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Sign Of The Times

Billboard Tells Millar He's Only Days From Playing in Olympics


The billboard outside the Olympic training center serves as a daily reminder for Ryan Millar, counting the days to Sydney from the moment he arrived at the Colorado Springs facility last year.

370, 369, 368. . . .

He showed up for the U.S. national team tryouts with a decorated resume and a freshly earned national championship, accolades that would stop a bus, but didn't necessarily guarantee a spot on the Team USA roster.

This was a new level of play, after all. This was the international level.

Millar, who led Brigham Young to the 1999 NCAA men's volleyball championship, didn't flinch. The former Highland High middle blocker merely adapted and advanced. Rapidly.

The two-time NCAA player of the year and three-time All-American is a starter for the U.S., seeded No. 5 as it attempts to duplicate its success of the 1980s--gold medals at the 1984 and 1988 Games.

Millar is part of a youthful infusion that has the U.S. thinking it can eradicate its listless performance at the 1996 Olympics, where they failed to make the quarterfinals in a 12-team tournament.

Along with George Roumain, a former Pepperdine All-American, the 22-year-old Millar has brought enthusiasm and, more important, ability as the U.S. moved up several spots in the world rankings in a matter of months.

U.S. Coach Doug Beal knew he was getting a player with strong blocking skills, but admitted he underestimated Millar's offensive ability. He was genuinely surprised to discover Millar's ability to pound the ball to any spot on the court.

"He's got a remarkable hitting range and a very fast arm swing," Beal said. "He hits the ball either way with heat. A lot of guys can only hit it one way. Ryan goes across the body or down the line because he gets on the ball so quickly. He can hit the ball to so many places."

The 6-foot-7 Millar is a bit undersized for a middle blocker in today's international game. Russia has 7-2 and 6-11 middle blockers, while The Netherlands has two 7-footers in the middle.

Millar's speed, however, is the equalizer.

"I can't remember a middle as quick as him," said Beal, who compared Millar to past national middle blockers Craig Buck, Doug Partee and Steve Timmons. He's got some physical tools that are quite unusual."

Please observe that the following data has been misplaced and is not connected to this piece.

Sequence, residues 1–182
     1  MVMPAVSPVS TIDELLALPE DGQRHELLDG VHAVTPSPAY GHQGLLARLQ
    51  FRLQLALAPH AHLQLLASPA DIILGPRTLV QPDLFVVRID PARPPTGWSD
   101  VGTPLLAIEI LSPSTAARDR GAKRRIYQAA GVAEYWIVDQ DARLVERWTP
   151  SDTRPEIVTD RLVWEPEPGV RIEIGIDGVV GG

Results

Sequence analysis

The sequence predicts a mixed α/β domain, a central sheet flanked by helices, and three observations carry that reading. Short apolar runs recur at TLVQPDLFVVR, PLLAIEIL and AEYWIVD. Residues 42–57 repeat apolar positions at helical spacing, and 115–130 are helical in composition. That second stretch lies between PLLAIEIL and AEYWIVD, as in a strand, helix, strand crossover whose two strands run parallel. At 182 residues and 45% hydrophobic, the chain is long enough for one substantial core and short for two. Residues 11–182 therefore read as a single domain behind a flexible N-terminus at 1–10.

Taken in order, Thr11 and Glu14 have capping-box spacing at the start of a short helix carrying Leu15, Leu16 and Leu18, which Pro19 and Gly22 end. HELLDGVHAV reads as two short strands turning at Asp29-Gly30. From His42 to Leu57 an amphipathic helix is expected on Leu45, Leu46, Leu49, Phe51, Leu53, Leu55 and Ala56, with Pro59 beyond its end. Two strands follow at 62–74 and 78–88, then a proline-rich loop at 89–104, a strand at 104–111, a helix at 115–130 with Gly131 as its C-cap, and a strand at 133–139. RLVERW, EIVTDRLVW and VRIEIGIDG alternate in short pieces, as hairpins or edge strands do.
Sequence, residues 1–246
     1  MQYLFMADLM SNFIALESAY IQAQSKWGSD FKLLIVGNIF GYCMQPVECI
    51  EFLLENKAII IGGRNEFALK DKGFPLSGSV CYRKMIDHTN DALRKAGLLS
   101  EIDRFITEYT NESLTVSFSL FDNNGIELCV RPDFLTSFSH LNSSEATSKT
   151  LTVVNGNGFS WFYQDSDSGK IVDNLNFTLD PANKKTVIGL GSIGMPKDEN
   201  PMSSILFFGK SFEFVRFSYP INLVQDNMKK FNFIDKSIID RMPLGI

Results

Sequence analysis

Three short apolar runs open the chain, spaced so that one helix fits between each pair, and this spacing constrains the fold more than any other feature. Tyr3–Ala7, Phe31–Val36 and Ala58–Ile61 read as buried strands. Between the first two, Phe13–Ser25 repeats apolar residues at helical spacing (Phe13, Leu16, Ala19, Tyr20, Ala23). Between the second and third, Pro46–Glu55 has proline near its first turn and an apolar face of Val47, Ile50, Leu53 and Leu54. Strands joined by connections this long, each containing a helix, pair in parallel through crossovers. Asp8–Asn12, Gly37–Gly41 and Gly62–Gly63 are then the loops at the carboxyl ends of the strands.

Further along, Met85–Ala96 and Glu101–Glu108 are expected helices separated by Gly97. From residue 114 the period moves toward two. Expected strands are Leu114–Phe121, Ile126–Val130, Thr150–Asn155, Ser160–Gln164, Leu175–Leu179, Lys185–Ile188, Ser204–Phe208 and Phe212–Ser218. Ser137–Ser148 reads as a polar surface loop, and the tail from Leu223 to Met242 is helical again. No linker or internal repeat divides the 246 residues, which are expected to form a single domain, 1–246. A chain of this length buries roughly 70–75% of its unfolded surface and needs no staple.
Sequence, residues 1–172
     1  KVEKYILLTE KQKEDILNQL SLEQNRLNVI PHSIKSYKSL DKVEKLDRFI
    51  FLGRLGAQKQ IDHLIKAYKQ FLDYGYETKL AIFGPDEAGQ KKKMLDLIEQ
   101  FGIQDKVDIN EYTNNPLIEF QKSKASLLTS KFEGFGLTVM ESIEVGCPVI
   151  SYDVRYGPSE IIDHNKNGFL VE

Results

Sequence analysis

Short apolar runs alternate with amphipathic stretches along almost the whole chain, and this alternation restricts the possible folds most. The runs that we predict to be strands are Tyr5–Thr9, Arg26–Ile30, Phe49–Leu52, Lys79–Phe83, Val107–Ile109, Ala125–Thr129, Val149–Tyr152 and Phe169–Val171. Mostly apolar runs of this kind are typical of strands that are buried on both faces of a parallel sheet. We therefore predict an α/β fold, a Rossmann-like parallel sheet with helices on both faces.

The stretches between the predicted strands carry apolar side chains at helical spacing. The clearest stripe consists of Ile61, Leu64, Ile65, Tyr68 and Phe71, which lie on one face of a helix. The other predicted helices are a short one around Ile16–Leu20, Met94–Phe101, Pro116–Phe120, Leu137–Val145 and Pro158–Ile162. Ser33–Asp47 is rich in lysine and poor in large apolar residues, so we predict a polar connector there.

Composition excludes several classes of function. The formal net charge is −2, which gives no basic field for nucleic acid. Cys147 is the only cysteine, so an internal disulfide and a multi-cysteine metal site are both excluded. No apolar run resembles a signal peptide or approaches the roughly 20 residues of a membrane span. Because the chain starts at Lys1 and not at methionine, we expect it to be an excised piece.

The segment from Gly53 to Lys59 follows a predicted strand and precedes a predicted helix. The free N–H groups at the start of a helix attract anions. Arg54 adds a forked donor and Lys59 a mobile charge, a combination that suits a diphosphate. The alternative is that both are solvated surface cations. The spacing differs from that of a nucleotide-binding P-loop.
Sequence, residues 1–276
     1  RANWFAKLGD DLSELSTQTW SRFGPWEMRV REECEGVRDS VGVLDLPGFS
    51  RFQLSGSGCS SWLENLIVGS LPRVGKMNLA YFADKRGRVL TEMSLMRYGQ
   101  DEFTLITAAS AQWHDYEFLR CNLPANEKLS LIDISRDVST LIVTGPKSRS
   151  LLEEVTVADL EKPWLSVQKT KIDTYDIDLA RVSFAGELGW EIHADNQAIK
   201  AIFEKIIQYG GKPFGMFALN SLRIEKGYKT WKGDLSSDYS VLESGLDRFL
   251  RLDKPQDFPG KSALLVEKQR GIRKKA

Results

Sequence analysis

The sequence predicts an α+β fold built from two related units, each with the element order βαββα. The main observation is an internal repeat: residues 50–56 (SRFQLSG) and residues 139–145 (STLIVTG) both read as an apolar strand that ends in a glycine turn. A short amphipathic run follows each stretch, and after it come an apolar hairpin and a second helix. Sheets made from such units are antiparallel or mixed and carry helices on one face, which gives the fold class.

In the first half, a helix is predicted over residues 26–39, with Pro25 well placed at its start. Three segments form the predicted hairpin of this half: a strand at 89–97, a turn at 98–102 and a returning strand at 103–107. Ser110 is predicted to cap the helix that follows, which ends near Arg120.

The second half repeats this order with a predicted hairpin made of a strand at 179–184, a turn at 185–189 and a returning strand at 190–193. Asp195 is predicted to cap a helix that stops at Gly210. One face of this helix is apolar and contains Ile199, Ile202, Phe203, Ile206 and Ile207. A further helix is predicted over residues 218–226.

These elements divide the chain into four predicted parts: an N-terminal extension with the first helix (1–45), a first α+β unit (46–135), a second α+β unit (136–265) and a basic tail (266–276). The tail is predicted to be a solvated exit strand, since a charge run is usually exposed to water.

Millar's secret to success? Nothing real earth-shattering.

"One thing I tell people is when you step up to another level, your whole game automatically rises," Millar said.

"Playing at a real high level the last year and a half has got my mind to where it is now and where it has to be for Sydney."

After Sydney, Millar will play a six-month season in an upper-echelon Italian professional league.

One of his teammates in Italy will be Roumain, a former adversary in college.

"We always respected each other when we played in college . . . it was just that it always seemed like it came down to winning a match or two against Pepperdine and George [in the playoffs].

"When we finally got on the same team [in Colorado Springs], we hit it off. We're roommates on the road and we decided to see if we could get a package deal on a pro team. We found one."

When the Italian league ends in April or May, depending on whether the team makes the playoffs, Millar plans to return to Provo with his wife, Suzanne, whom he married three years ago last week.

He'll play a little golf--he claims to shoot consistently in the 80s--and will pick up a snowboard, a hobby that has taken a slight back seat to volleyball.

Millar, who is Mormon, wants to continue working on his degree in physical education and hopes to be a graduate assistant coach at BYU by 2002, perhaps a stepping stone for his dream job--the Cougars' head coaching spot.

For now, Millar has one specific short-term goal. He sees the familiar billboard every day, waiting for the future to mesh with the present as the countdown to Australia gets closer to zero.

15, 14, 13. . . .



Height: 6-foot-7

Age: 22

Birthplace: San Dimas

Hometown: Provo, Utah

High School: Highland

College: Pepperdine

Honors: Youngest member of the U.S. team . . . Last year, led BYU to its first national championship and was Volleyball magazine player of the year . . . Three-time All-American . . . American Volleyball Coaches Assn. player of the year in 1997.


Who: U.S. men's volleyball

When: Sept. 17-Oct. 1

Where: Darling Harbour Entertainment Centre; Olympic Park Buring Pavillion

Opponents: Argentina, Russia, Yugoslavia, Korea, Italy (Pool B)

Qualifying: Top four after pool play advance to quarterfinals.

Medal Favorites: Italy, Russia, Cuba, Brazil, U.S.

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